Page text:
65. 65. Understanding and recognizing types of fraud • Common types of securities fraud include – Microcap or “penny stock” frauds, like pump and dump schemes – Insider trading – Hidden terms and agreements – Fraud tied to falsified reporting or accounting • In US alone, securities fraud estimated to total $10 – 40 billion annually 65
  66. 66. Understanding and recognizing types of fraud • Fraud in loans and mortgages • Intentional, material misrepresentation or omission to obtain loan or larger loan than lender typically grants • May also be perpetrated by lenders: loans with hidden or predatory terms, unlicensed lenders Common schemes • Income and employment fraud • Occupancy fraud • Appraisal fraud • “Shot-gunning” fraud • Cash-back fraud • Foreclosure scams 66
  67. 67. Understanding and recognizing types of fraud • Credit and debit card fraud • Need not involve physical fraud; increasingly common to steal numbers, personal information online • Tampering with card readers at ATM and other pointof-sale locations through skimmers • Online theft of numbers through compromise of online security or data breaches • Gathering personal information by sending fake applications for cards to targets • Physical theft of card 68
  68. 68. Understanding and recognizing types of fraud • Other types of fraud include: – Insurance – Health care – Government benefits • Can be perpetrated by an entity against a customer or by customer against an entity 69
  69. 69. Identity Theft and Fraud • Fastest growing types of consumer fraud • A leading threat to accounts at banks and other institutions • Common ways to steal identities • • • • Social engineering Creating fake online identities Technological tools – skimmers, phishing, malware Internal fraud and data theft 70
  70. 70. Red Flags of Identity Theft • Common signs indicating a stolen or compromised identity • Alerts and warnings from a credit reporting company • Suspicious documents, including forged or altered IDs • Inconsistent personal identifying information • New credit or debit card request immediately after notification of change of address • Identity theft furthers many other fraud schemes • Using stolen identities to obtain government benefits, tax refunds • Obtaining loans or mortgages with false identities • Opening accounts with stolen or false identities 71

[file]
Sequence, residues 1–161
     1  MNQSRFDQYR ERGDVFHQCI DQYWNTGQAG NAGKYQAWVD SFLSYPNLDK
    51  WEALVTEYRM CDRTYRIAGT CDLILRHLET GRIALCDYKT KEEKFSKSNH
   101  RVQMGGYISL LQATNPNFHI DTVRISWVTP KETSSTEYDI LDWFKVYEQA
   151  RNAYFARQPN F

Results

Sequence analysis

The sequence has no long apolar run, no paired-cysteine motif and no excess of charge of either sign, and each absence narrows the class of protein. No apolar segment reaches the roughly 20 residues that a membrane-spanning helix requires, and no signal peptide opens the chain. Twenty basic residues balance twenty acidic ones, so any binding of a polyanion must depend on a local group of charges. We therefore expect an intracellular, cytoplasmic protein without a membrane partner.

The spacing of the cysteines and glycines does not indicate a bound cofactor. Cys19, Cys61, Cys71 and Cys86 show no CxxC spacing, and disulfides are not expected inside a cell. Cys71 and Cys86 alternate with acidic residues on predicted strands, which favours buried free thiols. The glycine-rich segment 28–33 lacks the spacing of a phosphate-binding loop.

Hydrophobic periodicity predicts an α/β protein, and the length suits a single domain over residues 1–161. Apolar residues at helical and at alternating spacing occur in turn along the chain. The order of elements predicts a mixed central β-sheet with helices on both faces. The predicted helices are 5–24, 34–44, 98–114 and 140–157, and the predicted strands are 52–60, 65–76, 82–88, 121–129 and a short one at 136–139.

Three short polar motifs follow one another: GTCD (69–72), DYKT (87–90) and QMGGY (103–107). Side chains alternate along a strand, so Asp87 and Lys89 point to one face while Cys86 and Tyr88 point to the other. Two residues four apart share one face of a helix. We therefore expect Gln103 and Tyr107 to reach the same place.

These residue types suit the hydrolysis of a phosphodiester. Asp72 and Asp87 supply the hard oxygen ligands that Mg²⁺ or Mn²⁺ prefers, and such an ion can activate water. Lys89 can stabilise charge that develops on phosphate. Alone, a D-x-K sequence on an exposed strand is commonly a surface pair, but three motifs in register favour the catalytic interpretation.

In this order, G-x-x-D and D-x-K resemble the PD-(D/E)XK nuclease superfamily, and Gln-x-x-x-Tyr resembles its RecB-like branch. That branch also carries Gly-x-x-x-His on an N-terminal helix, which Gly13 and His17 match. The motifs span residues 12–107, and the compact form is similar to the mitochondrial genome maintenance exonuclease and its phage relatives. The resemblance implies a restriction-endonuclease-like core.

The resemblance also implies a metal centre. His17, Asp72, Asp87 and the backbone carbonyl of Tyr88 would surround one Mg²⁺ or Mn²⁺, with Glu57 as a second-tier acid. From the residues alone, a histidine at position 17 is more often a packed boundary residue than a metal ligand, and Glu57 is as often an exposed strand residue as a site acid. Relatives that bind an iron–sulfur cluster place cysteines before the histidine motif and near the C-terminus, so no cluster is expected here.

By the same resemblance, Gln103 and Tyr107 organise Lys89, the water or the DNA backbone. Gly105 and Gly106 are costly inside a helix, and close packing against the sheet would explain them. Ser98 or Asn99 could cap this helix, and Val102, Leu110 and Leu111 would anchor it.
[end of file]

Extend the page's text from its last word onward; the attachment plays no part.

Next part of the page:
71. 71. Preventing Fraud • Similar measures as other compliance programs, but training, awareness are even more important in fraud prevention • Starts with comprehensive fraud risk assessment • Create a team with necessary expertise • Identify organization’s universe of fraud risks • Fraudulent financial reporting • Misappropriation of assets • Expenditures, liabilities for improper purpose • Revenue and assets obtained by fraud • Costs, expenses avoided by fraud • Financial misconduct by management 72
  72. 72. Preventing Fraud • Assess likelihood of fraud schemes or scenarios • Assess materiality of risks: which schemes would have greatest impact • Assess preexisting fraud controls, compare them against risks • Consider how controls may be over-ridden or manipulated by employees and others • Employee collusion is serious fraud risk 73
  73. 73. Key Lessons • Preventing fraud is heavily reliant on awareness, training, and internal controls • Financial crime professionals should be prepared to identify many types of fraud • Fraud schemes are frequently linked – one element feeds into larger operation 74
  74. 74. Review Question • Your institution has recently been dealing with a large number of identity theft cases, in which thieves have stolen sensitive customer data and used it to fraudulently apply for credit cards. After an initial investigation, you suspect that an employee is participating in the identity theft scheme. What would be the most effective first step you could take to prevent further theft of customer information? 75
  75. 75. Review Question A. Immediately notify customers whose data has been compromised B. Restrict access to sensitive customer data, and monitor employee access on an ongoing basis C. Impose strict alert thresholds in the automated monitoring system for all credit cards D.Conduct a mandatory ethics seminar with all institution employees 76
  76. 76. Review Question Answer B is the correct response. Like other review questions, all of these answers could be considered good responses to a data breach or theft. However, only Answer B will actually serve to prevent further theft of data, which is the focus of the question. 77